Write to the River: “Then & Now” —

The Friends of the Mississippi River’s Write to the River poetry and prose project aims to “inspire artistic engagement” with the many senses of place found along the Upper Mississippi River. Every month, FMR invites people “to share an original poem or short prose response to seasonal images along the Upper Mississippi River.”

In December, 2020, I submitted a poem in response to “then and now” photos taken from the vantage point of present-day Indian Mounds Park in St. Paul. According the St. Paul city government site, Indian Mounds Regional Park “has six remaining Native American burial mounds high atop 450 million-year-old limestone and sandstone bluffs.… At least sixteen burial mounds originally existed on the bluff top. Nineteen more were located further down the bluff above Wakáŋ Tipi, also known as Carver’s Cave.”

Wakáŋ Tipi translates as “Dwelling of the Great Spirit,” according to historians Gwen Westerman and Bruce White in their 2012 book Mni Sota Makoce: The Land of the Dakota and has been a sacred gathering place for Indigenous peoples of the Upper Midwest for countless millennia.

The writing prompt for Friends of the Mississippi River’s December, 2020, Write to the River is below. Following the prompt, I take on the perspective of the Great River itself — an audacious endeavor, to be sure.

Photo caption: Then and now: The view from Indian Mounds Regional Park overlooking the Mississippi River, Bruce Vento Nature Sanctuary and downtown Saint Paul in 1902 and 2020. (Photo credits: Edward Albert Fairbrother, Minnesota Historical Society; Mishaila Bowman for Lower Phalen Creek Project) Learn more about this place at the end of this edition.

This season’s prompt inspired moving writing with diverse perspectives. Each piece conveys human interconnectedness with the natural world and the importance of restoring land and water. We hope you enjoy reading and learning.

About the view in the photos above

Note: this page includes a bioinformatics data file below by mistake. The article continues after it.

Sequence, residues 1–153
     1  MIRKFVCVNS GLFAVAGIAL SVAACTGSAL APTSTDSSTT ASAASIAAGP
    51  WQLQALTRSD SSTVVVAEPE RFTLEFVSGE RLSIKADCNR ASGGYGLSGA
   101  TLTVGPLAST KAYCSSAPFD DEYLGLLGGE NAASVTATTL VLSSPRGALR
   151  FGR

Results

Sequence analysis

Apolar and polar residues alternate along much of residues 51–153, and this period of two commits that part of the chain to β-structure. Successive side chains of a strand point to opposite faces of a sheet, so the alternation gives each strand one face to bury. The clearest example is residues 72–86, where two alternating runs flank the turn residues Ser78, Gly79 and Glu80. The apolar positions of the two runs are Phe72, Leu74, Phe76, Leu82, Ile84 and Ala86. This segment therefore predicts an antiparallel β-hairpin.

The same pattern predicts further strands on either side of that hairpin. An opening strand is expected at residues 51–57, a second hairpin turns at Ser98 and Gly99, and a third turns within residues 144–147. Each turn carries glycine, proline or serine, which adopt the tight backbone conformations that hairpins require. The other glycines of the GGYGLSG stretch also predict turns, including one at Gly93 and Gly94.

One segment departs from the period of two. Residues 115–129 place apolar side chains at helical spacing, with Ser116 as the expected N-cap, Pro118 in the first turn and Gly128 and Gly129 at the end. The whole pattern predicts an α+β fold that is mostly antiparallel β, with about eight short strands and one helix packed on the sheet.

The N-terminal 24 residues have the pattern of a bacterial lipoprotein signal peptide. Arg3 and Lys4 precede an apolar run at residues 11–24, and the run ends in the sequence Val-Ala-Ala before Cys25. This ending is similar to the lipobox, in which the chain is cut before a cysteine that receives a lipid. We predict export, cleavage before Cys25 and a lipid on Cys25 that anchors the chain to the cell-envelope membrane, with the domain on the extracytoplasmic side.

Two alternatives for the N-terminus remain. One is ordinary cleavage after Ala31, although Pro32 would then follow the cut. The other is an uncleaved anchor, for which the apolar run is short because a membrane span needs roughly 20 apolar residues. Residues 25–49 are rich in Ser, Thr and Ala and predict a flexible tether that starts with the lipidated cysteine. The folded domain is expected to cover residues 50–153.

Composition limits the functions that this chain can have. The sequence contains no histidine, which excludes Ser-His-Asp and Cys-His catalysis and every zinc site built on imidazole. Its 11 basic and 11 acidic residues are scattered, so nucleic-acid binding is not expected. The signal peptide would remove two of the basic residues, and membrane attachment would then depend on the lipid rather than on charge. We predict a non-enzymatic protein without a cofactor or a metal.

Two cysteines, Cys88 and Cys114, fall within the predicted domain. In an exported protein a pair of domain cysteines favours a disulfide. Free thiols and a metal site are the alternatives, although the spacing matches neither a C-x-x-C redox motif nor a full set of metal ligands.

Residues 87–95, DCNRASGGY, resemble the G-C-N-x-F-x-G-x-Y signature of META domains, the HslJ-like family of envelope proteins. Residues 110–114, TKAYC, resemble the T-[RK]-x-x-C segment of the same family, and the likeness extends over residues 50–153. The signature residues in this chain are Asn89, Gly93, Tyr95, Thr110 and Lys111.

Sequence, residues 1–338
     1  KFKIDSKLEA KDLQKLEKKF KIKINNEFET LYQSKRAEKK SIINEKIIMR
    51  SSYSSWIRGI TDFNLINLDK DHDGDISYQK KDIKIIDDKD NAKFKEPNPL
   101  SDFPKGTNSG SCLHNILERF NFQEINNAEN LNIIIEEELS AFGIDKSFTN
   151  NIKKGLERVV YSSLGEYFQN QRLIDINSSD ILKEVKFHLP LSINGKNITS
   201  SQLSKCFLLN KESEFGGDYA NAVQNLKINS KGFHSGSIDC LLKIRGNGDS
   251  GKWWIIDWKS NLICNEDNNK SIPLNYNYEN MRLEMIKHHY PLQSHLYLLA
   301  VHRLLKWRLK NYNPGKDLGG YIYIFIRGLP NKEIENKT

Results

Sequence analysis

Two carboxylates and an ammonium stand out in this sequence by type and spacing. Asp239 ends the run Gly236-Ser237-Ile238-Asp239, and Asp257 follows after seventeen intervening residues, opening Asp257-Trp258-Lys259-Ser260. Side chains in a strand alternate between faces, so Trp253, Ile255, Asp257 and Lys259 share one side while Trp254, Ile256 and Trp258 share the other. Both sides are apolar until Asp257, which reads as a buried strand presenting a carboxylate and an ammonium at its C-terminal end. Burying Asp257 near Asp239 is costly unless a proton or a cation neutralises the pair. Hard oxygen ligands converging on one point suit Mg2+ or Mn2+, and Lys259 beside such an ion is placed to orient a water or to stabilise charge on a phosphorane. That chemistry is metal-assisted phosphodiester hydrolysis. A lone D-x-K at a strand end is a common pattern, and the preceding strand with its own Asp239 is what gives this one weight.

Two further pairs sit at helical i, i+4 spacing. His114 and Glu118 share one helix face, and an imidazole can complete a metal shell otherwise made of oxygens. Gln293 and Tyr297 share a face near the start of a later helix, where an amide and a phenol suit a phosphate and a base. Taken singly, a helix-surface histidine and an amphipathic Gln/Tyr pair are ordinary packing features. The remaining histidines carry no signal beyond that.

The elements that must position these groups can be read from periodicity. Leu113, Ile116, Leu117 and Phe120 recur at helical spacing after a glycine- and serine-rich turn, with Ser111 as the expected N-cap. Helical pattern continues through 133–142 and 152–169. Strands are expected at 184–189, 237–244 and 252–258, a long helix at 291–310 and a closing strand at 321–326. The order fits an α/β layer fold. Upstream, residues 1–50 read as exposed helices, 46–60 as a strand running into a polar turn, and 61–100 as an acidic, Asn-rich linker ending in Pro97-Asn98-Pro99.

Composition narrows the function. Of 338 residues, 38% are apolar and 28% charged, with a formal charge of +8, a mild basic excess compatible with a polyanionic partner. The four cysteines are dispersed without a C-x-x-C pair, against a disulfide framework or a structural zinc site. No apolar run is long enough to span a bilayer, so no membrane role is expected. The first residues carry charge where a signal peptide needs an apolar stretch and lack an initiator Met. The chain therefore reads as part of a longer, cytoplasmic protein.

Before we introduce the submitted prose and poems, we wanted to give some background on this place. Nestled between the bluff and the Mississippi River just east of downtown St. Paul sits the Bruce Vento Nature Sanctuary, where Native-led Lower Phalen Creek Project and partners have worked for years to reclaim the former rail-yard turned dumpsite, and to restore the land, while creating access to and understanding of this culturally significant place of power.

A former cave in this sanctuary is the Dakota people’s Wakáŋ Tipi, or Dwelling Place of the Sacred. (The entrance to this cave was destroyed to make way for the railroads pictured above.) We highly recommend reading Lower Phalen Creek Project’s recent essay “On Sacred Dwellings” to learn more.

We’re working with Lower Phalen Creek Project on habitat restoration here, and we’re excited about their vision for how to honor the site’s history and ongoing importance to Dakota people in this restoration process and through the proposed Wakáŋ Tipi Center.

We also want to acknowledge that there are many Dakota stories about this place that aren’t represented in our submissions here. (Read and listen at Birchbark Books or Learning from Place Bdote tours.)


I see you, Wakáŋ Tipi, my currents roll with ancestral rhythms,
Paddles in the morning mists stroke, clean and clear
While steamboats and trains clog these valleys with smoke.

I hear your drums beat along tracks meant to girdle my channel, littered with cinders.
I live despite attempts to harness and subdue these seasonal swells.
A sacred ecology dislodged by the inducements of modernization.
All is not well, yet I remain.

These are sacred waters, among sacred hills.
The newcomers conveniently forget, in the name of Progress.
Their illness is Separation.
But it is not too late. The People know we are connected. Kin.

Hills. Waters. Woods. Life. Inextricable.
The lifeblood of this great valley, where we join together.
Confluence of summer; gathering in the fall; retreat in winter; renewed by the spring.

Hear me on the wind. Here and now.
Feel my currents swell. Call my name, in whisper or whoop.
Dance with me, make music. Like the migrating birds. Manifest.

I remain true, Wakáŋ Tipi. We are here together. Dwelling.
Wherever your footsteps tread. This is our sacred place.
Be in the here-and-nowness; stay alive in the Becoming.
Dynamic emergence is our bond.

I am the Great River. Let us roll on forever. Together.

Place Writing. Musicking. Sauntering. PhD. Driftless Area, USA.